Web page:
Difference between population of girls and boys in China and India, 1970-2018 and projected to 2100. In China, there are currently 6.2 million boys than girls, and in India, there are 5.9 million more boys than girls. Data from United Nations World Population Prospects. Graphic: The Washington Post

By Simon Denyer and Annie Gowen
18 April 2018

(The Washington Post) – Nothing like this has happened in human history. A combination of cultural preferences, government decree and modern medical technology in the world’s two largest countries has created a gender imbalance on a continental scale. Men outnumber women by 70 million in China and India.

The consequences of having too many men, now coming of age, are far-reaching: Beyond an epidemic of loneliness, the imbalance distorts labor markets, drives up savings rates in China and drives down consumption, artificially inflates certain property values, and parallels increases in violent crime, trafficking or prostitution in a growing number of locations.

Those consequences are not confined to China and India, but reach deep into their Asian neighbors and distort the economies of Europe and the Americas, as well. Barely recognized, the ramifications of too many men are only starting to come into sight.

“In the future, there will be millions of men who can’t marry, and that could pose a very big risk to society,” warns Li Shuzhuo, a leading demographer at Xi’an Jiaotong University.

Out of China’s population of 1.4 billion, there are nearly 34 million more males than females — the equivalent of almost the entire population of California, or Poland, who will never find wives and only rarely have sex. China’s official one-child policy, in effect from 1979 to 2015, was a huge factor in creating this imbalance, as millions of couples were determined that their child should be a son.

India, a country that has a deeply held preference for sons and male heirs, has an excess of 37 million males, according to its most recent census. The number of newborn female babies compared with males has continued to plummet, even as the country grows more developed and prosperous. The imbalance creates a surplus of bachelors and exacerbates human trafficking, both for brides and, possibly, prostitution. Officials attribute this to the advent of sex-selective technology in the last 30 years, which is now banned but still in widespread practice. […]

When looking at just the ratio of boys to girls in each country, it may look as if that gap has narrowed, but its effects on marriage have yet to peak. The biggest gap between men and women of marriageable age, defined here as 15 to 29, will come in the next few decades, as the babies of the past decade grow up. And factoring in the large pool of both unmarried older and younger men vying for the same small pool of young women, the gap becomes more of a chasm.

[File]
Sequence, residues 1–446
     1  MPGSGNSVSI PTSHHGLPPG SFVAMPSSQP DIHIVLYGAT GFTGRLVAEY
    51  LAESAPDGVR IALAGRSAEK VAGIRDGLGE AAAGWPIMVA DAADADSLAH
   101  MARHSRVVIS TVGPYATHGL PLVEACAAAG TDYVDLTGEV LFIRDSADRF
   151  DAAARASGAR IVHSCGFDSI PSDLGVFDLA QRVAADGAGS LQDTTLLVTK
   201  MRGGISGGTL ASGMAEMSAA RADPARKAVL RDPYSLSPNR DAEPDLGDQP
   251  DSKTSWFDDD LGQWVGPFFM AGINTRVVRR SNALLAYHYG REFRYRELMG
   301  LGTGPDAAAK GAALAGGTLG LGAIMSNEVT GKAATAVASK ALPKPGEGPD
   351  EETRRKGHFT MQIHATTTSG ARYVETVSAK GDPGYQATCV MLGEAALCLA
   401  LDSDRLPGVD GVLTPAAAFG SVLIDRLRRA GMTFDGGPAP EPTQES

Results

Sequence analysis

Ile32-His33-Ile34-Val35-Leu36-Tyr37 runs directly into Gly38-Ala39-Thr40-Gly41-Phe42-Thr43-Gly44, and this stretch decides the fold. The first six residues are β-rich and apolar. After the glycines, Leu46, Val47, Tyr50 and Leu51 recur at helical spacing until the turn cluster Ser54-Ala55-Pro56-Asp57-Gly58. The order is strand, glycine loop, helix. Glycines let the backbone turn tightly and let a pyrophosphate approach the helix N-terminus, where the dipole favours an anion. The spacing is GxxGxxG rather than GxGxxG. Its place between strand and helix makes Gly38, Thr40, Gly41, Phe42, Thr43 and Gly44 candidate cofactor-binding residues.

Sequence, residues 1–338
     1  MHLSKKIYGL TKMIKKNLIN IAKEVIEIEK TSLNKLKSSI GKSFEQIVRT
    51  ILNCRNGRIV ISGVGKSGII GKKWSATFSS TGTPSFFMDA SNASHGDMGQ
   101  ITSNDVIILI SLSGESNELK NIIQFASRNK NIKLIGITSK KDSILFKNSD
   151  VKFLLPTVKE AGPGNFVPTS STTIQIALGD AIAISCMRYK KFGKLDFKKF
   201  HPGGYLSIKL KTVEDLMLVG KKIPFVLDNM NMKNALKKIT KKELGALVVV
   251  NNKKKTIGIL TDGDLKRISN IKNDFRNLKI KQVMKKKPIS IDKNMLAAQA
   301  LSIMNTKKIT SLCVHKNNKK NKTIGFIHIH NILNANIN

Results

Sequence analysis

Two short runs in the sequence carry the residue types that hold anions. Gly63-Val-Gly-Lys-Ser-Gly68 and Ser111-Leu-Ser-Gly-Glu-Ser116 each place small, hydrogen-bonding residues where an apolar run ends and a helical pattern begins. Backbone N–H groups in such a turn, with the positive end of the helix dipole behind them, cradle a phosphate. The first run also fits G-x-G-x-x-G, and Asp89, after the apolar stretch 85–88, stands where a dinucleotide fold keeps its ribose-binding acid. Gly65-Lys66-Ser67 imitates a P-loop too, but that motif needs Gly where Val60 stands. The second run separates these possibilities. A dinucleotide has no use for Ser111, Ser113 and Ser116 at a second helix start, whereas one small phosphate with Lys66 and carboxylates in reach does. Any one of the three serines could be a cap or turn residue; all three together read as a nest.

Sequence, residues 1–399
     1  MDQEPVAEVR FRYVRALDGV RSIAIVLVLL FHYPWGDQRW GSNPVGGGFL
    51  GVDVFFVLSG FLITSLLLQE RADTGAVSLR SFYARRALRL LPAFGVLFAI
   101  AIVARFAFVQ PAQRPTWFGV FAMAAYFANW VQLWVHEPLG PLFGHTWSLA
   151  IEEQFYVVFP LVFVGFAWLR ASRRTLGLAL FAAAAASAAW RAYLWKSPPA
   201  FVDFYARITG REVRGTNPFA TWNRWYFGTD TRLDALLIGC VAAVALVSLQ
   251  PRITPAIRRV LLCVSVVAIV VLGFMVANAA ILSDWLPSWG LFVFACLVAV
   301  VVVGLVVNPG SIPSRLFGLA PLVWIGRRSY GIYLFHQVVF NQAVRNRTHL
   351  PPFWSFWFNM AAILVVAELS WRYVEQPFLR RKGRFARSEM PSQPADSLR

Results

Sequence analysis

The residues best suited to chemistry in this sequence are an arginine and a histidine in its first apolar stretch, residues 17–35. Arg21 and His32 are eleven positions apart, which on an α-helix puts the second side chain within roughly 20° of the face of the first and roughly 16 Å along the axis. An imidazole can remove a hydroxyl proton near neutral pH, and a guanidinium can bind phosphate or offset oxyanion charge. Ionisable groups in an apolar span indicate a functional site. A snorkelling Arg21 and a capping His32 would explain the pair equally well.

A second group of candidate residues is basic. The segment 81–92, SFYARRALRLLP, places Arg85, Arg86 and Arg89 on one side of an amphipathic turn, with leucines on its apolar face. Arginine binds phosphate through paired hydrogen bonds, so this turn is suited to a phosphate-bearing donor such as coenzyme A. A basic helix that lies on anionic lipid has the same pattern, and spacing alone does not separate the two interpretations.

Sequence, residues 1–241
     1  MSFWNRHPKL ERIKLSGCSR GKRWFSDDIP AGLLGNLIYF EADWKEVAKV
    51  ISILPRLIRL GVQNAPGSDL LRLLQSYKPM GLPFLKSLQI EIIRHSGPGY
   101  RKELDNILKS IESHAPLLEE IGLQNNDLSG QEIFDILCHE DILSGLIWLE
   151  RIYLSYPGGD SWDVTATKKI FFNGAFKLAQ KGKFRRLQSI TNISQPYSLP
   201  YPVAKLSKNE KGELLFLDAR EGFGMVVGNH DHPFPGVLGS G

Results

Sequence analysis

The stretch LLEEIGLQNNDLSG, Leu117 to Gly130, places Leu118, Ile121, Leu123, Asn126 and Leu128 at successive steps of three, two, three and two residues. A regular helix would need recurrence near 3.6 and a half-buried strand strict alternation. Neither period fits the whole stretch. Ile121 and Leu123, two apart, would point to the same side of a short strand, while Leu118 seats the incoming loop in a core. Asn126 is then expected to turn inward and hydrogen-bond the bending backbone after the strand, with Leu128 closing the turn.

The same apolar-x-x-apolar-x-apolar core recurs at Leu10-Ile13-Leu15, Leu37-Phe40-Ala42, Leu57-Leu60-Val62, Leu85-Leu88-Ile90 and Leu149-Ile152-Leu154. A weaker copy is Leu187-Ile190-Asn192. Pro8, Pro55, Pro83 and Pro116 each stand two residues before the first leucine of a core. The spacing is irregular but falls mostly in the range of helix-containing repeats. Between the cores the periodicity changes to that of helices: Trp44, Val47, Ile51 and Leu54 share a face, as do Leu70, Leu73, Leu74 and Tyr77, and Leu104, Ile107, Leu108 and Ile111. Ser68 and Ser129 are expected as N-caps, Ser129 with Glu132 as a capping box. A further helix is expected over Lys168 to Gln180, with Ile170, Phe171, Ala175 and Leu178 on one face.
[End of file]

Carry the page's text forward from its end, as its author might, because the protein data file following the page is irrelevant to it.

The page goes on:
Number of men ages 15-49 for every woman ages 15-29 in China and India, 1970-2018 and projected to 2100. The biggest gap between men and women of marriageable age, defined here as 15 to 29, will come in the next few decades, as the babies of the past decade grow up. And factoring in the large pool of both unmarried older and younger men vying for the same small pool of young women, the gap becomes more of a chasm. Graphic: The Washington Post

Both nations are belatedly trying to come to grips with the policies that created this male-heavy generation. And demographers say it will take decades for the ramifications of the bulge to fade away.

In the four sections below are personal tales that show how the imbalance has affected:

  • Village life and mental health. Among men, loneliness and depression are widespread. Villages are emptying out. Men are learning to cook and perform other chores long relegated to women. Stagnant lives
  • Housing prices and savings rates. Bachelors are furiously building houses in China to attract wives, and prices are soaring. But otherwise they are not spending, and that in turn fuels China’s huge trade surplus. In India, there is the opposite effect: Because brides are scarce, families are under less pressure to save for expensive dowries. The desperate effort to land a bride
  • Human trafficking. Trafficking of brides is on the rise. Foreign women are being recruited and lured to China, effectively creating similar imbalances in China’s neighbors. Importing a bride
  • Public safety. With the increase in men has come a surge in sexual crime in India and concerns about a rise in other crimes in both countries. Harassment of schoolgirls in India has in some towns sparked an effort to push back — but at a cost of restricting them to more protected lives. Taking a stand over harassment […]

Male suitors in China pay a “bride price” to earn their future in-laws’ approval for the engagement. Because of the acute imbalance, it has gone from a few hundred dollars a decade or two ago to nearly $30,000 in some parts of China. Families sock that money away instead of spending it.

Bride prices in nine Chinese provinces skyrocketed between 1994 and 2013. Data from Professor Wei Yan, Xi’an University of Finance and Economics. Graphic: The Washington Post

Having sons was once a hedge against poverty in old age. Now elderly parents are sacrificing to help their sons appear marriageable — and to support sons who fail to find a bride. Daughters-in-law were once expected to look after their husbands’ parents. In millions of families, that’s no longer possible. [more]

Too Many Men

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